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Case-control study of sudden infant death syndrome in Scotland, 1992-5

BMJ 1997; 314 doi: https://doi.org/10.1136/bmj.314.7093.1516 (Published 24 May 1997) Cite this as: BMJ 1997;314:1516
  1. Hazel Brookea, executive director,
  2. Angus Gibson, chairmana,
  3. David Tappin, senior lecturer in community paediatrics, University of Glasgowa,
  4. Helen Brown, research associateb
  1. a Scottish Cot Death Trust, Royal Hospital for Sick Children, Glasgow G3 8SJ
  2. b Medical Statistics Unit, University of Edinburgh Medical School, Edinburgh EH8 9AG
  1. Correspondence and requests for reprints to: Mrs Brooke
  • Accepted 17 February 1997

Abstract

Objective: To investigate the relation between routine infant care practices and the sudden infant death syndrome in Scotland.

Methods: National study of 201 infants dying of the sudden infant death syndrome (cases) and 276 controls by means of home interviews comparing methods of infant care and socioeconomic factors.

Results: Sleeping prone (odds ratio 6.96 (95% confidence interval 1.51 to 31.97)) and drug treatment in the previous week (odds ratio 2.33 (1.10 to 4.94)) were more common in the cases than controls on multivariate analysis. Smoking was confirmed as a significant risk factor (odds ratio for mother and father both smoking 5.19 (2.26 to 11.91)). The risk increased with the number of parents smoking (P<0.0001), with the number of cigarettes smoked by mother or father (P=0.0001), and with bed sharing (P<0.005). A new finding was an increased risk of dying of the syndrome for infants who slept at night on a mattress previously used by another infant or adult (odds ratio 2.51 (1.39 to 4.52)). However, this increased risk was not established for mattresses totally covered by polyvinyl chloride.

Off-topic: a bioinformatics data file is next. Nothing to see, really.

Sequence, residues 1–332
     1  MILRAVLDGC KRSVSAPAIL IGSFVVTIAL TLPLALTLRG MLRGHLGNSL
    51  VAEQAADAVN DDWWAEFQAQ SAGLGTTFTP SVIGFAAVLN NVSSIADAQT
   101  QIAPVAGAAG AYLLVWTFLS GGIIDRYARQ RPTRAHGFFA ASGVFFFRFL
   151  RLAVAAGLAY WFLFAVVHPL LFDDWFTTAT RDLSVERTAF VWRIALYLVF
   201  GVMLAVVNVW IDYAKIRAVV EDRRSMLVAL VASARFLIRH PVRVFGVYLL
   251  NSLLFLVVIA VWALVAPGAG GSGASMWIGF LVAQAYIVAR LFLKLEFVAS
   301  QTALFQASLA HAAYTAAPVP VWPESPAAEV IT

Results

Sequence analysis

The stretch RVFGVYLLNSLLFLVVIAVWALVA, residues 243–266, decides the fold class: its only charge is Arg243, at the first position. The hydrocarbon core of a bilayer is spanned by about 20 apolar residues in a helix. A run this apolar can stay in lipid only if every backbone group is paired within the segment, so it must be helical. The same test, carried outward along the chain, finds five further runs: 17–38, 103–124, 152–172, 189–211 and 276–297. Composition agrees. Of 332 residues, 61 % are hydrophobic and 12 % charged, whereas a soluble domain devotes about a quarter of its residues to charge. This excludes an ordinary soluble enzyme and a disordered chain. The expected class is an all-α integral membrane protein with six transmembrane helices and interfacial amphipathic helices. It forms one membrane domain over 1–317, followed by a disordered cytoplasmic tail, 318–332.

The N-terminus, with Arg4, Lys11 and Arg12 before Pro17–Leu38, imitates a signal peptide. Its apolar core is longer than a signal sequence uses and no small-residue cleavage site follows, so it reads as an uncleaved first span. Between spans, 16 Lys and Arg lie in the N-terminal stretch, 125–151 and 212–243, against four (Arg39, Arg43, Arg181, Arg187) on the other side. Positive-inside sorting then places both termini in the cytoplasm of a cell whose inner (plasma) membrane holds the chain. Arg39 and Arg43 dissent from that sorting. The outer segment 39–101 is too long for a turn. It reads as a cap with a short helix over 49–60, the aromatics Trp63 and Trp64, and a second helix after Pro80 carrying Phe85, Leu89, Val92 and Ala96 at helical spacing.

Conclusions: Sleeping prone and parental smoking are confirmed as modifiable risk factors for the sudden infant death syndrome. Sleeping on an old mattress may be important but needs confirmation before recommendations can be made.

Key messages

  • Parental smoking is currently the most important modifiable risk factor in the sudden infant death syndrome

  • In this study sleeping prone and, to a lesser extent, sleeping on the side increased the risk of the syndrome, so babies should be put down to sleep only on their back

  • Bed sharing with an infant should be discouraged if the mother smokes

  • Sleeping on an old mattress may carry an increased risk

Footnotes

    • Accepted 17 February 1997
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